The declaration was made at the ninth meeting of the Pakistan-Russia Intergovernmental Commission, which took place today in Islamabad and was co-chaired by Russian Energy Minister Nikolay Shulginov and Pakistan’s Minister for Economic Affairs Sardar Ayaz Sadiq.
The two nations have decided to send crude oil to Pakistan by the end of March, according to Shulginov.
A Russian delegation headed by Shulginov is presently in Islamabad to discuss ways to strengthen bilateral economic and commercial ties, with a particular emphasis on providing Pakistan with reduced oil and gas, as Minister of State for Petroleum Musadik Malik declared last month.
Neither of the two ministers provided information on the magnitude of the anticipated purchases, and he made no mention of the “friendly countries.”
Musadik Malik, Pakistan’s petroleum minister, had informed that Moscow will supply 35% of Islamabad’s entire crude oil needs.
In Pakistan, where foreign exchange reserves have fallen to $4.6 billion, barely enough to cover three weeks’ worth of imports, energy purchases account for a significant portion of the country’s imports.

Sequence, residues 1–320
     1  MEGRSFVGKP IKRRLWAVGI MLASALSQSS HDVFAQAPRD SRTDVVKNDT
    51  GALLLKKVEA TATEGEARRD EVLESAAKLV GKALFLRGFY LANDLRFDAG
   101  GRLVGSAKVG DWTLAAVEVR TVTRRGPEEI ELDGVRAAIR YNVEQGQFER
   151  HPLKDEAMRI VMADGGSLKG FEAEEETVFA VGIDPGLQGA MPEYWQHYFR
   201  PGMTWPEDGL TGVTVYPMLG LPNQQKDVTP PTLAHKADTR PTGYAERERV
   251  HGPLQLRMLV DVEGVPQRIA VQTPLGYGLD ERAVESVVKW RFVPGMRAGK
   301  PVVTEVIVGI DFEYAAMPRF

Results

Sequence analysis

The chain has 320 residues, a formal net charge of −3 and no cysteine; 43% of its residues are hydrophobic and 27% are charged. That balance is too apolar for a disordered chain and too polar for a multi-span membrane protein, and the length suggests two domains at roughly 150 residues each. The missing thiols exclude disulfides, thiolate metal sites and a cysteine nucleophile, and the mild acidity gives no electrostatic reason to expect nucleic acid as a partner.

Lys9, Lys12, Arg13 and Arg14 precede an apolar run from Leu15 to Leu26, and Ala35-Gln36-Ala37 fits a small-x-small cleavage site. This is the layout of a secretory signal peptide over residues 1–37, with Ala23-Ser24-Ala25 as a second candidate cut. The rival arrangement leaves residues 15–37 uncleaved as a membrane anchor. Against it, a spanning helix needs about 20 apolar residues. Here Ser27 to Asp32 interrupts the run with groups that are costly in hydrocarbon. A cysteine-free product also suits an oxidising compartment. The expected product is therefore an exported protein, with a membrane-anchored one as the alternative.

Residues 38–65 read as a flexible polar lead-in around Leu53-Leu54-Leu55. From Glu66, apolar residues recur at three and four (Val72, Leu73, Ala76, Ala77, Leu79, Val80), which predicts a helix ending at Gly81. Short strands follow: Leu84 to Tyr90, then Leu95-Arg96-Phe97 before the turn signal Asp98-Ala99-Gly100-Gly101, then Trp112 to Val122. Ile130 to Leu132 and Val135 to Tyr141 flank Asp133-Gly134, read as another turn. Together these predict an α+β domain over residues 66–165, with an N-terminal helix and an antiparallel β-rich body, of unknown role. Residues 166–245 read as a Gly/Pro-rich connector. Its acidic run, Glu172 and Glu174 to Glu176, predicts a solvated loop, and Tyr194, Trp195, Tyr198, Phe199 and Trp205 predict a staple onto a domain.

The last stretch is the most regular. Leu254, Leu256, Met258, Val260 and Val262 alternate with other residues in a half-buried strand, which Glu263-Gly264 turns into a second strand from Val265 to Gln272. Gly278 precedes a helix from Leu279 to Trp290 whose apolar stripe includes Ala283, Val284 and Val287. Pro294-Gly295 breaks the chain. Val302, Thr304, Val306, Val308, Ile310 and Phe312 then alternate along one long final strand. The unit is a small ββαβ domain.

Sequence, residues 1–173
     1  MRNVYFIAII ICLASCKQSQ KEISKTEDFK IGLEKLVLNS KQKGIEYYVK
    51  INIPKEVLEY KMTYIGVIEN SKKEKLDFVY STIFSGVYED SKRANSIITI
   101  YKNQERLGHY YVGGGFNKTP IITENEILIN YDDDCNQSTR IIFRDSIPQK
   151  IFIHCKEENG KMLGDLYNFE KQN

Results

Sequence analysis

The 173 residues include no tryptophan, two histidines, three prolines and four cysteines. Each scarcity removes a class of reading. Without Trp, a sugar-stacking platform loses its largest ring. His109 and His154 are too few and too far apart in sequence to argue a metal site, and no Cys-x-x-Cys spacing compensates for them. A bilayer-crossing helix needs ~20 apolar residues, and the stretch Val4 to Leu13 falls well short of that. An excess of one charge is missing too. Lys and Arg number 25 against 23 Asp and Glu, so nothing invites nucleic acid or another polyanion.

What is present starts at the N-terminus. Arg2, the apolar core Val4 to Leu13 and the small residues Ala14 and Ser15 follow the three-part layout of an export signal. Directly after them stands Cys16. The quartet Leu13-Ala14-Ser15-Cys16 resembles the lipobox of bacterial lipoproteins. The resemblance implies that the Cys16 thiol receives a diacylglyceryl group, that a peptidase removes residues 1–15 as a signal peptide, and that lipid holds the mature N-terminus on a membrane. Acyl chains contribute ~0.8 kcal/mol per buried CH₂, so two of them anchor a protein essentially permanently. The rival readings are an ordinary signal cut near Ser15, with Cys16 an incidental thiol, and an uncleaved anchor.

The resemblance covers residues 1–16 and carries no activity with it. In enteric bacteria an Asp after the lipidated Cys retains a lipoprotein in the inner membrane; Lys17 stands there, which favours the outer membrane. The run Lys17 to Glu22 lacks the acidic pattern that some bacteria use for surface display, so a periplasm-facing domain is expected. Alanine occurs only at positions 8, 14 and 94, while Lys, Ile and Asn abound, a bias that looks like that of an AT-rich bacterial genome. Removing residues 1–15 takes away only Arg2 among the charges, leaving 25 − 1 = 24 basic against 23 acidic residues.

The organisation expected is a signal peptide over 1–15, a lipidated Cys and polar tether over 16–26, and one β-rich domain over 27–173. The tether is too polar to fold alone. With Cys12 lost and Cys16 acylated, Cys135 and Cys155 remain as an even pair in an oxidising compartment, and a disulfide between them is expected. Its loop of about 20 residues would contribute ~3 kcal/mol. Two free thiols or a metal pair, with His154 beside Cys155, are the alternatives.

In contrast to its neighbour, India, the South Asian nation has never had significant commercial ties with Moscow; as a result, payment arrangements in light of Western-led financial sanctions against Russia are likely to be problematic.
Pakistan depends on oil from the Gulf States, mostly because of the tight political and cordial connections that sometimes extend services like deferred payments, and because the Strait of Hormuz is nearby, making that route logistically more affordable.
Both parties concurred to take into consideration the Pakistan Stream Gas Pipeline Project (PSGPP) as a “comprehensive infrastructure, which is economically viable for sustainable gas infrastructure development ensuring affordable gas supplies.”
Both nations addressed “innovative ways of doing business, including through barter,” according to the joint statement, and they decided to look into the possibility further.
They also decided to designate focal individuals from both sides to discuss issues pertaining to connectivity and logistics in Central and South Asia, while also agreeing to share information for the development and improvement of rail and road infrastructure.